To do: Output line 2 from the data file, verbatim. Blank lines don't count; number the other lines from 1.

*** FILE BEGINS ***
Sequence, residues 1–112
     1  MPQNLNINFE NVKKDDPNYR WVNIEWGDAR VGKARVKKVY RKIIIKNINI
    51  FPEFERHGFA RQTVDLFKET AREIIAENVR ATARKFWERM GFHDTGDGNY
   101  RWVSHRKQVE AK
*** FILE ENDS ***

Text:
     1  MPQNLNINFE NVKKDDPNYR WVNIEWGDAR VGKARVKKVY RKIIIKNINI